John Larsen knew he had a great bowler to rely on.
He wasn’t sure about what else he had.
Larsen is the bowling coach at Abraham Lincoln High School, and judging by the way he’s played his entire career as a Railsplitter, he had every reason to believe Steven Leslie would once again be one of the top bowlers in the Public League. Last year, he helped lead the Railsplitters to the Public League championship match, where they fell to Engineering and Science. Great bowler Ian Zeitz graduated, but Larsen expected Leslie to be one of the best bowlers in the Public League.
He was right about Leslie.
He continued to bowl as well as anyone in the game. But the question about the rest of the team was answered. Jabril Graves, Nelvin Mejia, Owen Zheng, Justin Arnott and Jacob August turned out to be exactly what they needed.
The Railsplitters are headed back to the Public League championship and they’ll once again meet E&S.
“I thought we’d be rebuilding with Steven as the lead, and the supporting cast really did great,” said Larsen, who is also the baseball coach at Lincoln. “Steven did his thing, he’s in the 250 range, which is amazing. He’s worked with these kids as well, we go through the regular season undefeated, and we won our playoff matches. I didn’t expect to be back there this year, but we really bowled well.”
Leslie was happy to lead the way.
Leslie, who was born and raised in Frankford but recently moved to Southwest Philly, has been bowling his entire life. It’s a sport that runs in the family, and he was happy to follow suit.
“Bowling is the kind of a thing that runs in my family, it’s in my bloodstream,” said Leslie, who has two official perfect games on his resume. “That’s how bowling started for me. My grandmother when she was alive, she was bowler. She was good, from all the the stories I’ve heard, when they were alive and around, they were really good. Some of my uncles, cousins, they all still bowl a little bit.
“I started bowling, I guess competition-wise, when I was 6, but it all started when I had bowling parties when my family would have them, I was 3, I was starting. I was pretty good from the start, I’ve been winning since 2010. I have a bunch of old trophies that my dad has, patches. Sometimes it’s cool to see them.”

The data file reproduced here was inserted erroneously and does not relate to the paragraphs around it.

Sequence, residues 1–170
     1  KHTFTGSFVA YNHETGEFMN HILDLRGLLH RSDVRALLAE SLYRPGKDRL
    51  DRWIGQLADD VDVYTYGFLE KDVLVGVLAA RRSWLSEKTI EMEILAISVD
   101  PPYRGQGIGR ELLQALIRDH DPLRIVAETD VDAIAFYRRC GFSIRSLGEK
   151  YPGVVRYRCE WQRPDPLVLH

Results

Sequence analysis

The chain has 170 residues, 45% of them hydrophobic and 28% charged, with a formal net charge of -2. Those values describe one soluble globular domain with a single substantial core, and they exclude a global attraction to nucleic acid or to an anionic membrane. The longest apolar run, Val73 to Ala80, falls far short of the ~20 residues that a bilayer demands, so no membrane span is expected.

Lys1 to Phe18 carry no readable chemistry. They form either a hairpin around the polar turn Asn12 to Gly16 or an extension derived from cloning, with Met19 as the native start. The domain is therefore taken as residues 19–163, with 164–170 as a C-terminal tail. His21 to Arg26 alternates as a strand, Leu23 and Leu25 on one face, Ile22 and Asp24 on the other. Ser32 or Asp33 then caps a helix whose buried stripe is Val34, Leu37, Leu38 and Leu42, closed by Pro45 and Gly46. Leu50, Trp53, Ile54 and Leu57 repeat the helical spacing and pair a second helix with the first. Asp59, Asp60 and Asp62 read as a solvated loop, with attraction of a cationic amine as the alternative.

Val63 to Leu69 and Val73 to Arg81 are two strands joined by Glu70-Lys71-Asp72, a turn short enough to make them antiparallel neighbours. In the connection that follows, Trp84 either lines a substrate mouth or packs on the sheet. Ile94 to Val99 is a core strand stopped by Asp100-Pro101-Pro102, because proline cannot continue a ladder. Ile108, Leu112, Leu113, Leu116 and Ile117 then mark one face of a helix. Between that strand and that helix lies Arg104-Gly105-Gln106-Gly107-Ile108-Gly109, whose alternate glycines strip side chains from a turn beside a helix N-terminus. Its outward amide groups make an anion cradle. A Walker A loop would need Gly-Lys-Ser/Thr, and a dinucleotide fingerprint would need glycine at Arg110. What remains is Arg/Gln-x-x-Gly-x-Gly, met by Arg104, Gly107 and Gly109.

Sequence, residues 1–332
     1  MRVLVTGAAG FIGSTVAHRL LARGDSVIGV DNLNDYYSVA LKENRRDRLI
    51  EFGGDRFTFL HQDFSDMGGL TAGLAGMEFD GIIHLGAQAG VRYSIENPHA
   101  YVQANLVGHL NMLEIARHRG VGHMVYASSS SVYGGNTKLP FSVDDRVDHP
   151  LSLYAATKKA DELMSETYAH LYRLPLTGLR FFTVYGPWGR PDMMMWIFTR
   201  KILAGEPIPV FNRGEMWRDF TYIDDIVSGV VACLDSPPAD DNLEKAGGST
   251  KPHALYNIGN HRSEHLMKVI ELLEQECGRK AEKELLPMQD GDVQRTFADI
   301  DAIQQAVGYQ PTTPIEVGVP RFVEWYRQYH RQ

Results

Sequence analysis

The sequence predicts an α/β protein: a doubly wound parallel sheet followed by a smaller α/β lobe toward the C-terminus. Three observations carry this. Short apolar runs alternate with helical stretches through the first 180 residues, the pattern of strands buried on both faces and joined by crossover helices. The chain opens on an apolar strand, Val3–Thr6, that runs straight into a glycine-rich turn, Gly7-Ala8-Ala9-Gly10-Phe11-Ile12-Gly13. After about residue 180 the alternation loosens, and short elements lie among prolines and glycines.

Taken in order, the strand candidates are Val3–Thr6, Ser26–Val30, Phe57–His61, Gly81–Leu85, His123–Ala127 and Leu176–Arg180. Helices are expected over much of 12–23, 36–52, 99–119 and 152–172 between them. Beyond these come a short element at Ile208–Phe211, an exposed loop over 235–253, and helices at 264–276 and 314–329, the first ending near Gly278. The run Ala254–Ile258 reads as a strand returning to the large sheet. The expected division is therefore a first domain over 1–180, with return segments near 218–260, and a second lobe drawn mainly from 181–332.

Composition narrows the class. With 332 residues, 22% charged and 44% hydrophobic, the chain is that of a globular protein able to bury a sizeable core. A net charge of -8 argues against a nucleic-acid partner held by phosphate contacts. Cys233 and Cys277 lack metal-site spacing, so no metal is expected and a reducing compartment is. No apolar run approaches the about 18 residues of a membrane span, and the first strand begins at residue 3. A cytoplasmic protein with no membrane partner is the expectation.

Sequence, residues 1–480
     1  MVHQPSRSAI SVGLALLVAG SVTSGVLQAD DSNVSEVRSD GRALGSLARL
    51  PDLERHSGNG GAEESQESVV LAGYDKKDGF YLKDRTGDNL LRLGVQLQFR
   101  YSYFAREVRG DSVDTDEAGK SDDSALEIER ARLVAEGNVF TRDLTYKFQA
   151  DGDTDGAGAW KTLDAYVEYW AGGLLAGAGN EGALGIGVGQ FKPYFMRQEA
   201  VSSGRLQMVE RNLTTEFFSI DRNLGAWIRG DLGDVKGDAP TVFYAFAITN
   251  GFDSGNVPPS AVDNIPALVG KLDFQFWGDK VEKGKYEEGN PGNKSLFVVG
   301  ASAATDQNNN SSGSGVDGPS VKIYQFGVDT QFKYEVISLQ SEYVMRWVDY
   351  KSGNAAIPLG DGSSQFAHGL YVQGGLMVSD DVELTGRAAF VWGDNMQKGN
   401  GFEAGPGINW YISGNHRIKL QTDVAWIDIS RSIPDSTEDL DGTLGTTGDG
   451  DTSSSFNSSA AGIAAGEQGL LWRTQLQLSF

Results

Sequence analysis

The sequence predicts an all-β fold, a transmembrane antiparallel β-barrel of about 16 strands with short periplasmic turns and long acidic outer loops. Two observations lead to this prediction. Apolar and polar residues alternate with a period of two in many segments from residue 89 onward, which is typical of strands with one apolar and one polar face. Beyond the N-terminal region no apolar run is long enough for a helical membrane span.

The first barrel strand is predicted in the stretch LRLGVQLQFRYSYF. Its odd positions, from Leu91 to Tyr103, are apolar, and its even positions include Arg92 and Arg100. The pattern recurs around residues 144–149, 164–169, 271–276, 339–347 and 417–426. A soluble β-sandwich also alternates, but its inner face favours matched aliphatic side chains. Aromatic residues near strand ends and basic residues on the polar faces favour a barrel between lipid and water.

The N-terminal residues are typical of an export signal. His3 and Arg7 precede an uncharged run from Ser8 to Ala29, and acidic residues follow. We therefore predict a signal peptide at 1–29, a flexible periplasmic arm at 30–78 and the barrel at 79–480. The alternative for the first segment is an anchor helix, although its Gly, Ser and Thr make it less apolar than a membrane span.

It’s also pretty cool to help Lincoln begin a run of bowling success.
Leslie has been the perfect leader for the team because he’s a good teacher, and he’s happy to share tips to make them better.
Bowling is a sport that takes a lot of practice. But you need a good leader to show you the way. Lincoln has both a coach and a leader in Leslie who are great teachers.
“I can honestly say what we’re doing is amazing, it’s a great feeling,” said Leslie, who works as a cashier at Dollar Tree. “It’s not just me, we have the team involved as well.
“I’m having a great time and I can say I’m shocked that it’s happened. I never thought it would happen, but hard work beats talent, and I tell myself practice doesn’t make perfect, it makes improvement. I’ve stuck with that, it’s all come together and clicked.”
The coach couldn’t be happier with the success. He also loves the way his players represent his school.
“The unique part is our school, we pride ourselves in how diverse we are, you’ll see flags in the hallway of every single culture represented,” Larsen said. “Take a look at our team. Nobody is as diverse as we are. To see the six boys come together, they didn’t know each other, and they jelled.
“We had a great regular season and they’ve taken the lead from Steven. Best bowler in the city. This kid lives bowling. I think he could go pro, he’s that good. I don’t think we’ve ever had a bowler the level of Steven. It’s something special.”
Leslie is looking into bowling in college. He’s also thinking about going to a trade school. Automotives is a possibility.
He loves working with his hands, and thinks that would be a good career, but he’s not against going to college if a school offers.
“I’ve looked into a few colleges, and I’m still trying to make my mind up. I think I’m going to apply to colleges to be on the safe side, but also have the trade schools as a backup.”
The future is bright, but he hopes Wednesday brings Lincoln a trophy.
It would be the greatest accomplishment of Leslie’s bowling career.
“It’s way bigger than a 300 game, you can bowl a 300 game anytime,” Leslie said. “I really want to win a championship for Lincoln. It would be for me, all the other bowlers, the coaches and the school. It would be big for all everyone.”